I've recently been lucky enough to get a chance to speak about my latest book on a pair of radio shows: Jon Wiener's lively Wednesday KPFK drive-time program, which airs exclusively in Southern California (though available on the web to people based far from L.A.), and "Morning Edition," which airs nationally. Doing these two shows virtually back-to-back reminded me yet again of a couple of recurring challenges that many academics, myself included, face when trying to communicate with broad publics. Namely, striving to wean ourselves from two kinds of habits that are cultivated in graduate school.
The first habit involves growing too fond of using specialized jargon and invoking the names and ideas of theorists who are well known within some scholarly communities but little known elsewhere. The second is an addiction to footnotes, references and citations that serve a variety of functions, including giving credit to those whose work one is building upon.
Both of these challenges vexed me when I was fresh out of graduate school, but I now have little trouble with the former. It is the latter that still gives me pause, as I want to be able to make clear as often as I can when I am drawing upon things that others have said or written. I was glad, therefore, that even though China in the 21st Century: What Everyone Needs to Know is not designed primarily for specialists by any means, Oxford University Press allowed me to include a small number of footnotes in the book and also append to a suggestions for further reading section at the end. (Similarly, I'm glad that it is simple in blog posts to send the reader, via links, to works that have inspired me or from which I am drawing information.)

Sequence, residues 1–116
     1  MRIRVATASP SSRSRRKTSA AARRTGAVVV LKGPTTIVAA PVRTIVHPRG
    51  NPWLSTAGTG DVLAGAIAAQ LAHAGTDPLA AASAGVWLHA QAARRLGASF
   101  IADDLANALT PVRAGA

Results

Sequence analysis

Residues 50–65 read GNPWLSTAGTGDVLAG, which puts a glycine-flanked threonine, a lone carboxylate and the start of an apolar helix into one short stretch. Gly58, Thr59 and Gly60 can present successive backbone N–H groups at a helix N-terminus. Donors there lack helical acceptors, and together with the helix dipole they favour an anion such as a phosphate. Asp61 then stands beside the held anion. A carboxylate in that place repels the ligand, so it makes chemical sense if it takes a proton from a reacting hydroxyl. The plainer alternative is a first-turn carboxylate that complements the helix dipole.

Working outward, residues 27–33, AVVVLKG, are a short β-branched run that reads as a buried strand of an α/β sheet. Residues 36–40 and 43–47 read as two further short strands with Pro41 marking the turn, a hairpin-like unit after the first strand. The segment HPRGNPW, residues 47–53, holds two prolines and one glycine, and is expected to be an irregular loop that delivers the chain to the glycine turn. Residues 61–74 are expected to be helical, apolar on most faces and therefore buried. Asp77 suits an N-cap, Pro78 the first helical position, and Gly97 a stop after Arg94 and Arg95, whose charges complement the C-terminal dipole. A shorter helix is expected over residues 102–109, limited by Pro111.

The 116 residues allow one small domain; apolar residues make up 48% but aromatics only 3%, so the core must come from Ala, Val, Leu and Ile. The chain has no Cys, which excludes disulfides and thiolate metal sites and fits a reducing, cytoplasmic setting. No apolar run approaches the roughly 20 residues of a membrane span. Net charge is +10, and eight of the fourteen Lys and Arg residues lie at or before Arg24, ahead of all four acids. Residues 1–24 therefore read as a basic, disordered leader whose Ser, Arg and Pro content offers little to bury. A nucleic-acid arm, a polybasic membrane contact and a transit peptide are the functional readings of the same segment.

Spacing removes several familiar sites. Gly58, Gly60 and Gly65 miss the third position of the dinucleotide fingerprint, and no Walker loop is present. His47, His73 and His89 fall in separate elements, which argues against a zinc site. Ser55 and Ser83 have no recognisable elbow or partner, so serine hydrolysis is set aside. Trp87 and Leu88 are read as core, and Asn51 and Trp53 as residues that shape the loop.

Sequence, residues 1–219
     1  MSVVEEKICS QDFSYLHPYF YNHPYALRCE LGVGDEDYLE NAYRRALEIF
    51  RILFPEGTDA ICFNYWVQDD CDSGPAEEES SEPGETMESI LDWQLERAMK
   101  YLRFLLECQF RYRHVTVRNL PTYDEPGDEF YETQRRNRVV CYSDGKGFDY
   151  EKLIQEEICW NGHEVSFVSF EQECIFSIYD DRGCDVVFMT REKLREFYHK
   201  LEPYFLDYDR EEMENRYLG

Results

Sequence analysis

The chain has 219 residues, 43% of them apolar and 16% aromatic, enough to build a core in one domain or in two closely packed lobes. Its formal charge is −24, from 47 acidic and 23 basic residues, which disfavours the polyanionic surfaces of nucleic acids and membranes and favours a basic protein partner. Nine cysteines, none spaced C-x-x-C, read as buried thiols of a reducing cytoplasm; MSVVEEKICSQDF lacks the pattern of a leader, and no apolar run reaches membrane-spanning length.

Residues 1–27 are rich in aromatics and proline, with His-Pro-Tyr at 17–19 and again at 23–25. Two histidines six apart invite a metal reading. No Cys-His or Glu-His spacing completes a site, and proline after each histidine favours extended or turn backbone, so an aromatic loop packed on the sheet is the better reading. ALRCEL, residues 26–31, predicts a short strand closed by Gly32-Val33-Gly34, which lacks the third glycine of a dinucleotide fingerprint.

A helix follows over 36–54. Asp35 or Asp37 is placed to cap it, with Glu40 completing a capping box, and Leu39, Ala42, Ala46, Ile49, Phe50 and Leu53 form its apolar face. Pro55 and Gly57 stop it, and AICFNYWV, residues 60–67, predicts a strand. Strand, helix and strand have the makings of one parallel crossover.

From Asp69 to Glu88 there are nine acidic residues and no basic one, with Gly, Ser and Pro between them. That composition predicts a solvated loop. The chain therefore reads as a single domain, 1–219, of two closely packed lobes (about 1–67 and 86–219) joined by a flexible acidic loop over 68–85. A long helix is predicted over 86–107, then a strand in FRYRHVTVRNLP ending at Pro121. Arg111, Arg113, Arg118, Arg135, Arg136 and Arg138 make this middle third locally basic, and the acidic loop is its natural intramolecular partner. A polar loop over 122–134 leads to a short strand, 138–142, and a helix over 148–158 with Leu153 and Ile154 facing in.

Radio interviews about a book one has written, like newspaper commentaries, are just not conducive to more than very occasional nods in the direction of things that others have written. In the case of those recent shows, I did manage to say something nice in passing about Susan Shirk's China: Fragile Superpower (not so much because I was using its arguments as because one comment she made in it illustrated nicely a point I was making) and to take issue with an influential work that I find deeply problematic, Mao: The Unknown Story, a bestseller that has drawn fire from so many academics that a collection of their critiques of it was recently published under the title Was Mao Really a Monster? Such oral counterparts to "footnotes," however, were very rare.
In one sense, this lack of oral footnotes isn't really a problem, since it is easy enough for someone curious to learn more about who has influenced my thinking on particular issues, as well as figure out what people writing about China I do and don't tend to agree with, can always go to my new book. For example, if they do this, they will find that, in the section highlighting the parallels between aspects of China's current situation and that of the United States a century or more ago (when it was the rising power generating concern in various quarters), I refer to work in a similar vein by Peter Hessler and American historian Stephen Mihm.